The CPT were involved in and fully appraised of the results of the research. A contemporary report to DPTAC stated that the bus companies who took part in the research were approached through the CPT: “Bus companies were approached through the Confederation of Passenger Transport” and the attached report demonstrates that the findings were fed back to the CPT:

For the final stage of the study, a number of case studies were identified using the information in the literature review on measures taken to address the problems and a presentation to a selection of bus operators on the findings of the research organised by the Confederation of Passenger Transport.

Mr Posner was CEO of the CPT when this research was conducted in 2006. Before he joined the CPT he worked in the mobility unit at the Department for Transport, which commissioned the research. He has also previously served as DPTAC’s secretary, as he noted in the session.

I am therefore quite concerned that Mr Posner appears to be attempting to play down this issue. I would not want the Committee to be mislead by Mr Posner’s comment.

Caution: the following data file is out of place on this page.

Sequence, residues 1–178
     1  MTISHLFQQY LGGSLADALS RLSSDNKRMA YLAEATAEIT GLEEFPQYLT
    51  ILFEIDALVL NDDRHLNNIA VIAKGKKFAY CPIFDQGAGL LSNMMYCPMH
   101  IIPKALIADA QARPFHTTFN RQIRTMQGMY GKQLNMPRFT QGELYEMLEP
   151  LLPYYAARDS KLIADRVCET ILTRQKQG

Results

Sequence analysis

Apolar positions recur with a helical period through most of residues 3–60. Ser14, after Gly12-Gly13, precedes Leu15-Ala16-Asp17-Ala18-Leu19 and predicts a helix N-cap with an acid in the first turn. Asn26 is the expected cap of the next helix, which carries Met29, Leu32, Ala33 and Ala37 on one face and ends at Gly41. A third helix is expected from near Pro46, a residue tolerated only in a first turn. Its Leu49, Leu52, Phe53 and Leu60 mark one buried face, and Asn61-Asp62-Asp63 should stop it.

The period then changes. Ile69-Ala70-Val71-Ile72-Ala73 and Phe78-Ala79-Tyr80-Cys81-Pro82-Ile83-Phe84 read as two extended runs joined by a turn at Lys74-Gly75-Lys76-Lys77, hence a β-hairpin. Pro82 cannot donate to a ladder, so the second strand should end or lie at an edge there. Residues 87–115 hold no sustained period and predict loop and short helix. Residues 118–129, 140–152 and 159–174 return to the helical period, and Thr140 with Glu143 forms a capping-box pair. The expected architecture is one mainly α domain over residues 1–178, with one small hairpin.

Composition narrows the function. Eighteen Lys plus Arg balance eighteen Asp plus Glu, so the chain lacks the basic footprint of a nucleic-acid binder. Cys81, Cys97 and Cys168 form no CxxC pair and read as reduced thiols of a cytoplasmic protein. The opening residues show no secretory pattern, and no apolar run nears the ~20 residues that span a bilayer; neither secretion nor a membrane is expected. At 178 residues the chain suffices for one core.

To be fair to Mr Posner, I have copied him in to this email.

Thank you

Doug Paulley

Oct 222015

There’s a Lords committee afoot, looking at the efficacy of the Equality Act 2010 as relates to disability discrimination. (Snappily entitled the Equality Act 2010 and Disability Committee.) Given this, the question is: how many court cases are there for disability discrimination in the provision of services?

This should be easy, because in response to the Work and Pensions select committee in 2009:

There is a lack of data on the number of DDA cases on goods, facilities and services in the county courts, although a number of witnesses presume the numbers to be very small. We recommend that the Government monitors the trends in the number of cases taken and their outcomes. (The DDA was the Disability Discrimination Act, the immediate precursor to the Equality Act 2010)